US efforts to stop Iraqi money laundering sparks huge cross-border dollar smuggling
The pressures imposed by the US Federal Reserve on the Central Bank of Iraq to limit corruption and illicit outflows of dollars have paralysed Iraqi markets and widely encouraged cross-border dollar smuggling.
By placing new restrictions on Iraq's dollar auction, which Baghdad uses to convert the US dollars it received for oil sales, the Fed has cast Iraq into one of the largest financial crises it has faced since 2003.
Unable to convert its petrodollars into dinars with the ease it once did, the Iraqi government is struggling to pay its obligations, including the salaries of millions of public employees, pensions and social support.
On Monday, the governor of the Central Bank, Mustafa Ghaleb, resigned "because of his inability to face the crisis", an advisor to Prime Minister Mohammed Shia al-Sudani told Middle East Eye.
The Iraqi government has taken several urgent steps to confront the crisis. It has opened more official currency exchange offices, launched a scheme to encourage small-scale traders and investors to use the dollar auction, suspended taxes on certain commodities and introduced subsidies, among other measures. Yet the dollar auction's sales are still way below average.
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Public data of the foreign currency auction, reviewed by MEE, showed that sales for January did not exceed $131m per day on average, compared to $227m in October.
As a result, dollar exchange rates on the black market are on the rise.
On Thursday, the exchange rate of the dollar on the Baghdad black market reached 1,740 dinars per dollar, compared to 1,480 in October.
This fluctuation has had knock-on effects at wholesale markets and has been strongly reflected in the prices of consumer goods. Some foodstuffs, such as sugar and cooking oil, have doubled in price.
Sending dollars over land
The Fed's new auditing measures, placing greater scrutiny on the source of foreign money being used to buy dollars at the dollar auction, were imposed in November.
Iraqi officials, bankers and owners of exchange and financial brokerage companies told MEE the measures have led to merchants and capital owners being reluctant to participate in the auction to avoid revealing their identities, the purpose of the money transfers, the identity of the final beneficiary and other sensitive information.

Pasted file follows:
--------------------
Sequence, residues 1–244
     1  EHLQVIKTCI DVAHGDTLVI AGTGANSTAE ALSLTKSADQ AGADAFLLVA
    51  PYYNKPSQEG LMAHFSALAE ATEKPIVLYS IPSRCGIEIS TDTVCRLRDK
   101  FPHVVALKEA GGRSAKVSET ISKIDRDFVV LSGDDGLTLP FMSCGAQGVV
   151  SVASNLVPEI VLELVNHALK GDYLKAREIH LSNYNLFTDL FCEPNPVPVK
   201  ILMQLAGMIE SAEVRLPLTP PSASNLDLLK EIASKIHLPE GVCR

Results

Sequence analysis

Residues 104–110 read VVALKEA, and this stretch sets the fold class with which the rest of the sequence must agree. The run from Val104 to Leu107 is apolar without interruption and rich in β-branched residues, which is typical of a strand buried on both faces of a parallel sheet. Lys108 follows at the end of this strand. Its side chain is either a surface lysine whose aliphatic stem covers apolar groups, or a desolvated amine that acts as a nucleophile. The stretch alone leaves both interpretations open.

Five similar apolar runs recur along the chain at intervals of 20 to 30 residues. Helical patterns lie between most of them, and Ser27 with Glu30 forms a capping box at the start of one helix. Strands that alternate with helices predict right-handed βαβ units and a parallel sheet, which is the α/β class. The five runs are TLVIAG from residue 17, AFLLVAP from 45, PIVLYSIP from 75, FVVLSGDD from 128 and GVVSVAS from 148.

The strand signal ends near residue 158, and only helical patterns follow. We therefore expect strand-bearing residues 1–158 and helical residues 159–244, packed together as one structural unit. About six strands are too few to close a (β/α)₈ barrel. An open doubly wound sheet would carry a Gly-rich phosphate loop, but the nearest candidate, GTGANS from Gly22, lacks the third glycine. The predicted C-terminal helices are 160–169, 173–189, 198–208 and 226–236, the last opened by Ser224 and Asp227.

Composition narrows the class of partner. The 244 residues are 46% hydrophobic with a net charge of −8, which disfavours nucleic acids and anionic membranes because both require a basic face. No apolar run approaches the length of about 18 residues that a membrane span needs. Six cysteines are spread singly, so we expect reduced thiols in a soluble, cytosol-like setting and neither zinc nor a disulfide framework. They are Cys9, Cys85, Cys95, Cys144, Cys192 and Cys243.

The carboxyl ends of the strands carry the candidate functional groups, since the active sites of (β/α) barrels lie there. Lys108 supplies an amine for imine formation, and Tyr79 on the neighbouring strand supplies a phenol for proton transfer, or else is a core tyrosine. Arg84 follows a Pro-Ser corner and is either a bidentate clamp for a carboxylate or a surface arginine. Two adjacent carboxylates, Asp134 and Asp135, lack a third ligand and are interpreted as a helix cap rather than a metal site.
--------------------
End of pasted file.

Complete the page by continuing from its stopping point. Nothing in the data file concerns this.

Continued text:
Instead, they have turned to the black market and other informal routes to obtain dollars, which has sparked a huge rise in smuggling dollars out of Iraq by land, and maintained high exchange rates.
A member of the Iraqi Private Banks League told MEE that, previously, private banks handled every detail for major customers who wanted dinars exchanged at the dollar auction.
"The major customers do not want to reveal any information related to the sources of their money or their identities for security or financial reasons, and some do not want to waste time in routine paper procedures," the banker said.
"This mechanism is no longer available now, and so there is much reliance on the black market to secure dollars and transfer them through unofficial outlets," they added.
'The profits that we are now making in return for providing the required dollars to merchants and owners of capital, whether in Dubai or Turkey, have multiplied dozens of times'
- Dollar smuggler
"The process will not take more than 10 minutes, and you will find your money in dollars in a neighbouring country, as long as you are willing to pay the exchange rate difference."
Two advisors to Sudani told MEE that intelligence indicates that dollar-smuggling operations have recently been growing by land through the semi-autonomous Kurdistan region in Iraq's north, and from there to Turkey or Dubai.